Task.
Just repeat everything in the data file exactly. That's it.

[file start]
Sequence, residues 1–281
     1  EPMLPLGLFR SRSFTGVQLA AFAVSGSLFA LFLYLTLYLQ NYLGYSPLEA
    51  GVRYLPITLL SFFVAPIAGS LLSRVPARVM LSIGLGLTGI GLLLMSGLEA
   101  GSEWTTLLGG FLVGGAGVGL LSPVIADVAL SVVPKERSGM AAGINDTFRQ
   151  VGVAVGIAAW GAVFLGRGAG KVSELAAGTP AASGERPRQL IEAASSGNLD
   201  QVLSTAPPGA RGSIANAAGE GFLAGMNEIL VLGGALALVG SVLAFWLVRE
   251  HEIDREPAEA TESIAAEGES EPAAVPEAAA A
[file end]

Sequence, residues 1–281
     1  EPMLPLGLFR SRSFTGVQLA AFAVSGSLFA LFLYLTLYLQ NYLGYSPLEA
    51  GVRYLPITLL SFFVAPIAGS LLSRVPARVM LSIGLGLTGI GLLLMSGLEA
   101  GSEWTTLLGG FLVGGAGVGL LSPVIADVAL SVVPKERSGM AAGINDTFRQ
   151  VGVAVGIAAW GAVFLGRGAG KVSELAAGTP AASGERPRQL IEAASSGNLD
   201  QVLSTAPPGA RGSIANAAGE GFLAGMNEIL VLGGALALVG SVLAFWLVRE
   251  HEIDREPAEA TESIAAEGES EPAAVPEAAA A